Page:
Just Finished Reading: The Whites of Their Eyes – The Tea Party’s Revolution and the Battle over American History by Jill Lepore (FP: 2010) [175pp]
I will be the first to admit that my knowledge of the American Revolution/War of Independence is…. Somewhat limited. My knowledge of the factors running up to the break with Britain and the people involved (including the ‘Founders’) is likewise sketchy at best. I am planning to dig into such things in the near future (probably showing up in my review pile next year at the earliest) but for now what little I did already know has been enhanced (somewhat) by this excellent little book. But, as you can no doubt tell from the sub-title, this slim volume isn’t wholly about that event. It’s about how the Revolution is thought about today (or actually back in 2010) and how it’s being used – and abused – to promote a certain political ideology.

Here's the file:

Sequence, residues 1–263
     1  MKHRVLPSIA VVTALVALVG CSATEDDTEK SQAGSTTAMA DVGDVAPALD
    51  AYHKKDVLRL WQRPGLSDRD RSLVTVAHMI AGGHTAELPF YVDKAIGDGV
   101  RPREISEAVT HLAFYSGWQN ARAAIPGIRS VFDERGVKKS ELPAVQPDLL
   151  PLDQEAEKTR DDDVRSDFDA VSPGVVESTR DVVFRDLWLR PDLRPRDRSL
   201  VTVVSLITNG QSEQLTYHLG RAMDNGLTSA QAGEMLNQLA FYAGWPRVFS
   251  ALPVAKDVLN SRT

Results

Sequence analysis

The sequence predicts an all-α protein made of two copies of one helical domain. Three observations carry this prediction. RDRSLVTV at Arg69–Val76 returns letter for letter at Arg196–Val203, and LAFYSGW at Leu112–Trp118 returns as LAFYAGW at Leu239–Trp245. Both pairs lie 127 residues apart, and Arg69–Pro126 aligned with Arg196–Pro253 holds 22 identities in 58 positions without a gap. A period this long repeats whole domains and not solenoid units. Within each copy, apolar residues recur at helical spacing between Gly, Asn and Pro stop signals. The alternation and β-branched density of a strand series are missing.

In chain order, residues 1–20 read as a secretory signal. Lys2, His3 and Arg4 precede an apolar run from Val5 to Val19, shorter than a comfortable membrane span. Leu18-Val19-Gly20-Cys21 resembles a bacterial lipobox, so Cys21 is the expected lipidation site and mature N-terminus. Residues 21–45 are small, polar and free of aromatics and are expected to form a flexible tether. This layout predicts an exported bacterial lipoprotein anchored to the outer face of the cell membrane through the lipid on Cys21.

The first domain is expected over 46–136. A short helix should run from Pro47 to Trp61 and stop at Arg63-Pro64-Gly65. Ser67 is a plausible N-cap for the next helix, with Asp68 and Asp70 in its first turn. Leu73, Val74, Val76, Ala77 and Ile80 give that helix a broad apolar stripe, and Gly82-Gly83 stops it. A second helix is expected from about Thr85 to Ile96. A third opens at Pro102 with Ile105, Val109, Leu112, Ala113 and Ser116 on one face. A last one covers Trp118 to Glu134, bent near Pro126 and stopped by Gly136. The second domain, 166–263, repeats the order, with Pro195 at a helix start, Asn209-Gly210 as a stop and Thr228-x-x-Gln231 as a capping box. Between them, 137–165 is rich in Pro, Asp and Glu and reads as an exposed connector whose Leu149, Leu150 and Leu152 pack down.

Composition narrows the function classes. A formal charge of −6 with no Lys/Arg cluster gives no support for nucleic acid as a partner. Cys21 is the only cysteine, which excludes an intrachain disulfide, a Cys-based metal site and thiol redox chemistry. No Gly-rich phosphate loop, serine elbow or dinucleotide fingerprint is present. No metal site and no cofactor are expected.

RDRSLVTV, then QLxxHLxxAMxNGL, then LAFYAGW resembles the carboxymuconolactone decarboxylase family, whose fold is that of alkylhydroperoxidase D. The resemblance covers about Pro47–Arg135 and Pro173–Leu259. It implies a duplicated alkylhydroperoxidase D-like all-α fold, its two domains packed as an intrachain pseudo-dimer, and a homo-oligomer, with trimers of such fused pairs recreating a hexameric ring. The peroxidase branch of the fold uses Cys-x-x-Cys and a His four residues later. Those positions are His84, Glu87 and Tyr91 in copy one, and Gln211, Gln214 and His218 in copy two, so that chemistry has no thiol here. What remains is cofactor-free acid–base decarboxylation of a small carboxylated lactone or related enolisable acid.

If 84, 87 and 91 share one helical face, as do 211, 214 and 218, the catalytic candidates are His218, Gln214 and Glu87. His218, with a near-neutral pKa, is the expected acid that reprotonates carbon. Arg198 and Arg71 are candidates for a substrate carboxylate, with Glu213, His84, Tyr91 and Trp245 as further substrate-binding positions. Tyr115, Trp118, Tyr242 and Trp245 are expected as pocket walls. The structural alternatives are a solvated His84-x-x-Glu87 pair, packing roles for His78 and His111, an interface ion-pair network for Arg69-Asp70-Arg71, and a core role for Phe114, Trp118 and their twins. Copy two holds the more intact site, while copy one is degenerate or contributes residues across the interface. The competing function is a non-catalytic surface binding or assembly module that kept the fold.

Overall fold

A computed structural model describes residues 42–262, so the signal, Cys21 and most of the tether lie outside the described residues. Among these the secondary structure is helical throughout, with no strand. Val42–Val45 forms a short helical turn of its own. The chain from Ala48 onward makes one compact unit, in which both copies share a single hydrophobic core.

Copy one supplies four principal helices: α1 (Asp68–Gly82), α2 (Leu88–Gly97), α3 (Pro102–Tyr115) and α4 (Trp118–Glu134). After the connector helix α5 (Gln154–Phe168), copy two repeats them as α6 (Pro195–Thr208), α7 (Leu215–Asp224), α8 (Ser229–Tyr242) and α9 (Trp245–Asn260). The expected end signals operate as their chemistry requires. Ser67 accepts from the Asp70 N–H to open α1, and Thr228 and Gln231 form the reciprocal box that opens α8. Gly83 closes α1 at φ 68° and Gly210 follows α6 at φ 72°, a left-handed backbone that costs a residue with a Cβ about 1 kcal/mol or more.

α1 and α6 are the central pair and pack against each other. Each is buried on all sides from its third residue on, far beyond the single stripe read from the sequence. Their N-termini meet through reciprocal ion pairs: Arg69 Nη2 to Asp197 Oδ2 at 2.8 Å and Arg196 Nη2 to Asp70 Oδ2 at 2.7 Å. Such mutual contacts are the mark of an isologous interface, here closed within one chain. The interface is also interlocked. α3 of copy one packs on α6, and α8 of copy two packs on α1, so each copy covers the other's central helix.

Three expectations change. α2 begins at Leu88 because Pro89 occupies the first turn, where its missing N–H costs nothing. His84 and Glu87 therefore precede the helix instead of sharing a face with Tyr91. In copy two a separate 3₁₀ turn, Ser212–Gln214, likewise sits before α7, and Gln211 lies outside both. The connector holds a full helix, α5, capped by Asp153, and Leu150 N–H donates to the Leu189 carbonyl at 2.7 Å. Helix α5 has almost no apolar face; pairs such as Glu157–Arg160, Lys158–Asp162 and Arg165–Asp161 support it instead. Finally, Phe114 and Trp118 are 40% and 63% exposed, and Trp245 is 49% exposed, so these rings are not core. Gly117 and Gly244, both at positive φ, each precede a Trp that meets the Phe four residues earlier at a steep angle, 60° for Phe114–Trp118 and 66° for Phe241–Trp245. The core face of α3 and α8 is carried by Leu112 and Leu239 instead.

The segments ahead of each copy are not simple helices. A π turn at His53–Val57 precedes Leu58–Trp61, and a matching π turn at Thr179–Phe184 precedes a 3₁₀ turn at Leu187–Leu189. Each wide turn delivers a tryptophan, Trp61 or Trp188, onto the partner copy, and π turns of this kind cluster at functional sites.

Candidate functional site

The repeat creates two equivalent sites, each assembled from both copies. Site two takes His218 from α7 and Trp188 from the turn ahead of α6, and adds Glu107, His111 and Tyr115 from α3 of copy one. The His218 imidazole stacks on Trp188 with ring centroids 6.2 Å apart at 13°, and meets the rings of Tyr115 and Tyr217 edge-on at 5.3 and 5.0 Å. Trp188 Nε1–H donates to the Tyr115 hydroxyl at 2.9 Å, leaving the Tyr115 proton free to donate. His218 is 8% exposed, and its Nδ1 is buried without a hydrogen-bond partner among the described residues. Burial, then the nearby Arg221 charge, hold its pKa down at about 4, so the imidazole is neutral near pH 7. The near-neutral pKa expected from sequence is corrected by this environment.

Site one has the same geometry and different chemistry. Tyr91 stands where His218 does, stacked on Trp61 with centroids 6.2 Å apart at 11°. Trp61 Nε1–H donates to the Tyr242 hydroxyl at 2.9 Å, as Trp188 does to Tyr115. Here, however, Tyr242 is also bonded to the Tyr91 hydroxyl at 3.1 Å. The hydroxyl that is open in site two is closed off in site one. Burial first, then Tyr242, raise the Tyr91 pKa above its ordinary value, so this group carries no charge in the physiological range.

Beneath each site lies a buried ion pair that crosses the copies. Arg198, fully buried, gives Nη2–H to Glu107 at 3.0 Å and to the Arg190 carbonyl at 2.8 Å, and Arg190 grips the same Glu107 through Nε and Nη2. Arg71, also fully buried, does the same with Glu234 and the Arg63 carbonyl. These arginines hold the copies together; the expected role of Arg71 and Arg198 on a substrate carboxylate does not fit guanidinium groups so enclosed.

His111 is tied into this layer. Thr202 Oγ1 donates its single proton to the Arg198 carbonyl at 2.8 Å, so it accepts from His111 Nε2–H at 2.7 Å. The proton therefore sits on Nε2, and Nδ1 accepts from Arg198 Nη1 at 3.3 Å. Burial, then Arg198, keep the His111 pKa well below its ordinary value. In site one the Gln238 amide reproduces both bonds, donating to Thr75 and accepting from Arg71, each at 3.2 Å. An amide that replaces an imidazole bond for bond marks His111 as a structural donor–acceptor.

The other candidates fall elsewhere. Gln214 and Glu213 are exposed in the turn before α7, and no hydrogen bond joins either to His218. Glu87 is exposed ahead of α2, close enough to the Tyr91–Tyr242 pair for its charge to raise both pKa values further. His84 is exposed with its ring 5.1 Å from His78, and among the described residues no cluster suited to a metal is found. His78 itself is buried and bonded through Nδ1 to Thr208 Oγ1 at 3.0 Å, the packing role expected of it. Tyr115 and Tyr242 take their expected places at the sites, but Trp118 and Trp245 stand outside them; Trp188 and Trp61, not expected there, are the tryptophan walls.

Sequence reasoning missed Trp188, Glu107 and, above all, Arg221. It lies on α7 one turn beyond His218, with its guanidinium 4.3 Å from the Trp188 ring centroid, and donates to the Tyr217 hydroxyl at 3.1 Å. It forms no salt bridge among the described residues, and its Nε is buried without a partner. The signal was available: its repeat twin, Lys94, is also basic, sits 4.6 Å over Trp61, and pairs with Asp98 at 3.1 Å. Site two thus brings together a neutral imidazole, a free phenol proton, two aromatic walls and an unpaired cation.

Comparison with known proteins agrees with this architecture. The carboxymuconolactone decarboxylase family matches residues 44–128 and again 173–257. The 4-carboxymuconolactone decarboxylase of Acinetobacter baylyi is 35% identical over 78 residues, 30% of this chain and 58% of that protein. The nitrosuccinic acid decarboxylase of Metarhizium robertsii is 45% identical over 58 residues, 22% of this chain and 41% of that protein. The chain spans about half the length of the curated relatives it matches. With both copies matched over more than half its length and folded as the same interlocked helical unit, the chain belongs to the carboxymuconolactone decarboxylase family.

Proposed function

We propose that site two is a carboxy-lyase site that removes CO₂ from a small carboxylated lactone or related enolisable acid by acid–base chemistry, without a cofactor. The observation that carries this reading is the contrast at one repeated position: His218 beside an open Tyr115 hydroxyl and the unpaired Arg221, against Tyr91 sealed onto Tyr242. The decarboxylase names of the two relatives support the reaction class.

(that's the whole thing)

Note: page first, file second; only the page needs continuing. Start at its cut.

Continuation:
The author most definitely knows her ‘stuff’. She a Harvard professor of American History and a Pulitzer Prize nominee. So you can imagine how pleased she was with the renewed interest in the founding of America – her specialist subject. She was less pleased, however, to discover exactly what those on the Right (and especially on the far-Right) had been saying about the history of the Revolution and, of course, the practically sanctified ‘Founding Fathers’. Of course most countries have their founding myths but such a modern country as the United States also has a lot of documentation (and research!) covering that period which can be access and compared to the myths that surround it. More often than not the myth does not do well when it meets the historical facts of the case. Myths do, of course, have their uses especially to those who want to clothe their particular political beliefs in the ideas and ideals of the Founders in order to gain credibility amongst their followers. Inconvenient facts, opinions and documents – even by the Founders themselves – need to be side-lined, disputed or (best!) ignored and forgotten. This is what the author discovered to be the case, not only at grass-roots level where it might be expected but also in the leadership of the movement who had invested in a particular image of the Revolution that was too often cherry-picked from the facts at hand. For those the myth and the image of the Revolution had become far more important and, more importantly, far more usable than the messy and inconvenience truth of the matter.Looking across the Atlantic Ocean it has always confused, confounded and somewhat amused me how (apparently) many American citizens revere the Declaration of Independence as well as the Constitution and have deified the Founding Fathers who contributed to them. I can certainly understand interest in them, study and serious thought but reverence? That, to be honest, might just be my reaction – being the cynical atheist that I am. I don’t tend to revere anything or anyone. But it is clear, even from the little I do know of these times, people and events, that the Founders were VERY human. They were not gods or in the least god-like in intelligence or moral judgement. Nor are the documents they produced or the Republic that grew out of them perfect or anywhere close to that. No doubt when I dig deeper into the subject I’ll discover just how messy, disorganised, partisan and imperfect the whole thing was. Long running disagreements, enmities and questionable compromises are scattered like spent musket balls throughout the deliberations. The result was far from perfect it was, in fact, human. To mythologise the Revolution and its many protagonists is to do it a dangerous disservice. To understand it and to learn from it requires actual knowledge of the real history of the events – warts and all. I’ll be seeing if I can do that… Recommended and much more from this author to come.